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Watch the US Navy play real-life Missile Command with a laser weapon

Charlie Hall is Polygon’s tabletop editor. In 10-plus years as a journalist & photographer, he has covered simulation, strategy, and spacefaring games, as well as public policy.

The U.S. Navy has released a video showing that they have, for the first time, successfully used a laser weapons system in the field.

Calling it a "historic leap," the directed energy weapon brought down an aerial drone as well as several other targets. Oddly enough, sailors involved in the testing can clearly be seen using a kind of ruggedized game controller to manipulate the weapons system.

Warships are among the oldest platforms in the U.S. arsenal, many of them designed to last for generations. But the U.S. Navy is particularly keen on mounting advanced weapons systems on them whenever possible. They've lead the military in alternative fuels research, pioneering ways to turn seawater into jet fuel. And now their LaWS, short for "laser weapon system" has been deployed on the USS Ponce in the Persian Gulf.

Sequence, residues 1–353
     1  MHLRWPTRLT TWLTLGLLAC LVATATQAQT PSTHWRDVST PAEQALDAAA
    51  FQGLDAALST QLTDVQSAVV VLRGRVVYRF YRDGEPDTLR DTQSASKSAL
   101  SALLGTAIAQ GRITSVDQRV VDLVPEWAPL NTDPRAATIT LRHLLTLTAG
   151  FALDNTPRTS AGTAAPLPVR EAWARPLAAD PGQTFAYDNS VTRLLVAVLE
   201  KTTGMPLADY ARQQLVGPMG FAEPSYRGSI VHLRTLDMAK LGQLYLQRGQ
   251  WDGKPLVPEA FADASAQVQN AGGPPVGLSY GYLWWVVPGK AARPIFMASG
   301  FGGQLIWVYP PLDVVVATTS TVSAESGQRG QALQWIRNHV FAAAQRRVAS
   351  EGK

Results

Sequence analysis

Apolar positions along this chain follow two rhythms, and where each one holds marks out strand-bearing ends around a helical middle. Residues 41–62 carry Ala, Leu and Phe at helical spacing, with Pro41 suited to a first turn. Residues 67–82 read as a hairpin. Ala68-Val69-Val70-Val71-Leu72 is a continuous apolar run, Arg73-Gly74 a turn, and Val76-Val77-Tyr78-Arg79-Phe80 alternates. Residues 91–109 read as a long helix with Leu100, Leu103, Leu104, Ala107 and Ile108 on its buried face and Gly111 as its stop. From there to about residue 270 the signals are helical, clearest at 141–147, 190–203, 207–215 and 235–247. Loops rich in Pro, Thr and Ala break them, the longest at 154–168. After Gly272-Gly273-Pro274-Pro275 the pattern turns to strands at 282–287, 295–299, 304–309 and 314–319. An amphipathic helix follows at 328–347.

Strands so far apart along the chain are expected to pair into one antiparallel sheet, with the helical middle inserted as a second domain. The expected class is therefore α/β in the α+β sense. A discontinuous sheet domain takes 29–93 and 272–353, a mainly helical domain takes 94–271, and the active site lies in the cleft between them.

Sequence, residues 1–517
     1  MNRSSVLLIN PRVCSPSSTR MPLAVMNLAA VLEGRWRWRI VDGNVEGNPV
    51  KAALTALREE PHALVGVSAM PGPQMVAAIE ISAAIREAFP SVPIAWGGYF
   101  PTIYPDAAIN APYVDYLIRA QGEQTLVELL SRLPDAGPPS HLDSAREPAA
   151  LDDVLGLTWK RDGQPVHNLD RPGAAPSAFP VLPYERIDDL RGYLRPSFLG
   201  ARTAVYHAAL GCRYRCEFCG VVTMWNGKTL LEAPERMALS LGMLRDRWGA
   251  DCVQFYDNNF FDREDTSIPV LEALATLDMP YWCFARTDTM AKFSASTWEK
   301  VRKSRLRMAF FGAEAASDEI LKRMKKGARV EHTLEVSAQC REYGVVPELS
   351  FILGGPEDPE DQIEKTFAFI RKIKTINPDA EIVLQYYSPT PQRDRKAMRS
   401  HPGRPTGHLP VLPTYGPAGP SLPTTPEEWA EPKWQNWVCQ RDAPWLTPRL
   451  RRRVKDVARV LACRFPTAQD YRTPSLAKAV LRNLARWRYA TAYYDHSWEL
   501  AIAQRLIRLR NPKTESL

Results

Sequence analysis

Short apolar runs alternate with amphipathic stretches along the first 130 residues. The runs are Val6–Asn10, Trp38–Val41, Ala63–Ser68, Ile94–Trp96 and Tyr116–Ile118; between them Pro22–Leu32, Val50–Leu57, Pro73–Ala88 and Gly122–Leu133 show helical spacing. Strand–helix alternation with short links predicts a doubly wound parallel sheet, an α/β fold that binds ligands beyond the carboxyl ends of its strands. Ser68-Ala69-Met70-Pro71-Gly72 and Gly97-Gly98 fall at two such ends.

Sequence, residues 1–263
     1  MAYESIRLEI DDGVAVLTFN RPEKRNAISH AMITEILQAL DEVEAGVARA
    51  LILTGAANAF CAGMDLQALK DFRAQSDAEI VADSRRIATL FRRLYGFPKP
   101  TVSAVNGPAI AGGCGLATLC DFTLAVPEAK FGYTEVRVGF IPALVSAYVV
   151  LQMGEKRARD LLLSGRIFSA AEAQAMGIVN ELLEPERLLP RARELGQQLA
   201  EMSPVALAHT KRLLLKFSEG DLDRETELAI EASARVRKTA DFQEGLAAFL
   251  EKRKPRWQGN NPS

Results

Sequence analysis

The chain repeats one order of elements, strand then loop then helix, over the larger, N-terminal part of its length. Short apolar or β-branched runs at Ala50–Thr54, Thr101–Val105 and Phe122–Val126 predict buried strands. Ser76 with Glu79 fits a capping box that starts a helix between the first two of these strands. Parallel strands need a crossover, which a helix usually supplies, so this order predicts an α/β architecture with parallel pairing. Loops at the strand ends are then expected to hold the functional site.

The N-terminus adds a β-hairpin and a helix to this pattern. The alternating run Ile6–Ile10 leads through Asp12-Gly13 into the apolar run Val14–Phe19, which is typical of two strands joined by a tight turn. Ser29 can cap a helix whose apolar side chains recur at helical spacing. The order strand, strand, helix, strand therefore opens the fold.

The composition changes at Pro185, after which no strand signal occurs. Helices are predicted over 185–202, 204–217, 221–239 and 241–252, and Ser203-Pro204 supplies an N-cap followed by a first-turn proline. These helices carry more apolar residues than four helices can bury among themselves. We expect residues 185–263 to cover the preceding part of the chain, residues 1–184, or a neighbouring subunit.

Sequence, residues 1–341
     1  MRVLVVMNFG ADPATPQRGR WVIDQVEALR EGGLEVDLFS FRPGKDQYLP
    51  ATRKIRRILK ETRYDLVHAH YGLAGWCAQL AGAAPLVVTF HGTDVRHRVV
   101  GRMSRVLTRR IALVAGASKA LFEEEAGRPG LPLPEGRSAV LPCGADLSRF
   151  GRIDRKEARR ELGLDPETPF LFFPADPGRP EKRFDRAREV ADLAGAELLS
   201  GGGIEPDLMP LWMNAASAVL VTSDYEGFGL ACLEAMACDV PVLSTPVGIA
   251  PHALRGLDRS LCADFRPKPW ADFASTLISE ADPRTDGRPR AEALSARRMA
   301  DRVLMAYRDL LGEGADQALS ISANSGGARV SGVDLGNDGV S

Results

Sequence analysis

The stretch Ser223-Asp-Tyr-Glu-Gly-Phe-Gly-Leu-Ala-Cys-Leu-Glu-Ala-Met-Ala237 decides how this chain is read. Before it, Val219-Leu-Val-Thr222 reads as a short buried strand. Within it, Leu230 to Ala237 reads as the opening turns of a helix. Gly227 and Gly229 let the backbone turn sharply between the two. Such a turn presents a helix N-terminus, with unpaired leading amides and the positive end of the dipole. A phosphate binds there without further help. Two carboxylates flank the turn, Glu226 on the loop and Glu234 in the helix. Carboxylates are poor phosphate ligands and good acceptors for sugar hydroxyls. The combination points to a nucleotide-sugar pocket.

"Laser weapons are powerful, affordable and will play a vital role in the future of naval combat operations," said Rear Admiral Matthew L. Klunder in a news release.

The Navy has fought hard in the past decades to defend the existence of a large standing fleet in the face of advances in missile and drone technology. The LaWS could therefore represent a way to protect crews at the speed of light.